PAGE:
Cops cracking down on DUI during Super Bowl
January 31, 2014
EAGLE COUNTY — If you’re watching the Super Bowl anywhere but in the comfort of your own home, then do not, under any circumstances, have one for the road.
The Colorado Department of Transportation and the Colorado State Patrol, along with local law enforcement agencies, are keeping a close eye on illegal motion — drunk driving. Increased enforcement will be in place through Monday to arrest impaired drivers, whether for driving under the influence of alcohol, marijuana, prescription or illegal drugs.
“With the Broncos playing in the Super Bowl, we expect house parties and full bars and restaurants throughout Colorado,” said Col. Scott Hernandez, chief of the Colorado State Patrol. “Motorists can expect to see a visible presence from law enforcement this weekend, working to keep impaired drivers off the roads.”
The Super Bowl is one time of year when the number of DUI arrests increases, the Department of Transportation says. In 2013, 421 DUI arrests were made during Super Bowl weekend, up from 275 in 2012.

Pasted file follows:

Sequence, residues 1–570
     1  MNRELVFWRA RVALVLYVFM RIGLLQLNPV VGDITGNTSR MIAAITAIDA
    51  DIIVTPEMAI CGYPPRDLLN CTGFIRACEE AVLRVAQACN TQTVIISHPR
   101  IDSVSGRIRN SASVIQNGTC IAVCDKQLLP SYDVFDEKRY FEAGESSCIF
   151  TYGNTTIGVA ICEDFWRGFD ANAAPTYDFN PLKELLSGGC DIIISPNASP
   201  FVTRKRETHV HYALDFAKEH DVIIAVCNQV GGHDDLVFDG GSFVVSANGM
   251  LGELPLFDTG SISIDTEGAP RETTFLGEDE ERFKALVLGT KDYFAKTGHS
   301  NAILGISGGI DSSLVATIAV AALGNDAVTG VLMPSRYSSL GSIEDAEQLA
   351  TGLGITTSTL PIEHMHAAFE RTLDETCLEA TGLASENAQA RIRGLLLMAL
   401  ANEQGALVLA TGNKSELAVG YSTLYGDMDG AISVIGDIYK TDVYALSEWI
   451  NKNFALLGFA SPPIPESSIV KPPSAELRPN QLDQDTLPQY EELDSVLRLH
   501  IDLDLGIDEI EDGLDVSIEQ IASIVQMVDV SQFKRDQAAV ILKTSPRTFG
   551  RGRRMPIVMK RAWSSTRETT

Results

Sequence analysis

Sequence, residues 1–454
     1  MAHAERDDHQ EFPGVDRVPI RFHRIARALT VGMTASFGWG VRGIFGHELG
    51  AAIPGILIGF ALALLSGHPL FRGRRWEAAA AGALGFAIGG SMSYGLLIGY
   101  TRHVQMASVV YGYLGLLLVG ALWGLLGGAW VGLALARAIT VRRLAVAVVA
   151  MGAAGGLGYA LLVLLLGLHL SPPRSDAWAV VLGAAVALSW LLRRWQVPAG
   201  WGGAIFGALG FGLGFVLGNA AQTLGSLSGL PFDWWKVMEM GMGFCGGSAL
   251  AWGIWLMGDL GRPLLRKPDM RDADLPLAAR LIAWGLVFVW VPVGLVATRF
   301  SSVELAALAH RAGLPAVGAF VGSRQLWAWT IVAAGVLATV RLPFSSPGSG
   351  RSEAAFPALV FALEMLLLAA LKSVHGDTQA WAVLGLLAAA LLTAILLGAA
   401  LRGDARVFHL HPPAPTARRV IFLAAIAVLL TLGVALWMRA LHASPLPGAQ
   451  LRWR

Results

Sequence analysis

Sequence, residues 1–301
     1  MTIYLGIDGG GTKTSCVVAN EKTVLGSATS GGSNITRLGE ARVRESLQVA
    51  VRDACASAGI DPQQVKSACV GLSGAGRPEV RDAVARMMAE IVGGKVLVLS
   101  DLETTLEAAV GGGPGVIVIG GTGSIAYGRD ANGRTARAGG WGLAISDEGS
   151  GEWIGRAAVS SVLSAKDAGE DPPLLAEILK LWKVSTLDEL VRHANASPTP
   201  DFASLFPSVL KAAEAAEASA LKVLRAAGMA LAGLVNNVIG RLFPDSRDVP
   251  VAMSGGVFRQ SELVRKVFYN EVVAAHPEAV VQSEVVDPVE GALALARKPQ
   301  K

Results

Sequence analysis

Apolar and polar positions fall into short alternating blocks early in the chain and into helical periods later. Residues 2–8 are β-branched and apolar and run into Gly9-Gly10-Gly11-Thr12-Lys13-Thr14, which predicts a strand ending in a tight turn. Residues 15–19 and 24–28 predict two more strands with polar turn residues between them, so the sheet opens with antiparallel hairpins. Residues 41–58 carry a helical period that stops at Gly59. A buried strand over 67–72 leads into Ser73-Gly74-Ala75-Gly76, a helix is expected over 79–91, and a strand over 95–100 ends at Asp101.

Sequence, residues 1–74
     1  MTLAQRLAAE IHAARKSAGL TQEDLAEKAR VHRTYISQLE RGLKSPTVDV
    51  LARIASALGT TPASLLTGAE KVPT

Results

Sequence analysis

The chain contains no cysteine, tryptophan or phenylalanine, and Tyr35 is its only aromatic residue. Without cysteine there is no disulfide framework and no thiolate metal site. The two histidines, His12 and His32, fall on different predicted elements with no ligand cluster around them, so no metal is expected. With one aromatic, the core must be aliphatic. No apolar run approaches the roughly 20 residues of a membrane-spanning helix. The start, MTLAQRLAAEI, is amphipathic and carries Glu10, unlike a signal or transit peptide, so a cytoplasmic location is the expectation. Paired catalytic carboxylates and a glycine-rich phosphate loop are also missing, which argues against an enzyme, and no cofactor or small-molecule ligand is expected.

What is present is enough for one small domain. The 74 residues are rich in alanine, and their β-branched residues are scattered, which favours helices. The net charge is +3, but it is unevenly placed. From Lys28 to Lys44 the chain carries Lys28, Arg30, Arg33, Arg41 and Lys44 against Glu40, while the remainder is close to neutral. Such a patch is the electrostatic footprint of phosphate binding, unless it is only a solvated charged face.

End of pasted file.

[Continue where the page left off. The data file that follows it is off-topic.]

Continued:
“Drunk driving is completely preventable,” said Darrell Lingk, director of the Department of Transportation’s Office of Transportation Safety. “Unfortunately for the Seahawks, the Broncos’ offense is the exact opposite and cannot be stopped.”
If you’re watching the Super Bowl away from home, then remember to don your Broncos gear and make a plan before the game starts, whether that’s having a sober friend or family member give you a ride, calling a cab or taking public transportation.
“And always buckle up — it’s still your best defense against drunk drivers,” Lingk said.
The Heat Is On program runs the entire year with 12 specific DUI enforcement periods centered on national holidays and large, public events such as Super Bowl weekend.
The last one was the New Years holiday, and for the most part locals behaved themselves. In Vail, for example, no one had to go to the drunk tank, although a few people landed in the crossbar hotel for cannabis consumption in public. It’s illegal to smoke anything in public in Vail, including the newly legal marijuana, said Justin Liffick, an officer with the Vail Police Department.
Overall, 6,989 people were arrested during 12 enforcement periods in 2013, a 28 percent decrease from the 9,784 arrests reported during the same enforcement periods in 2012.
Staff Writer Randy Wyrick can be reached at 970-748-2935 or email@example.com.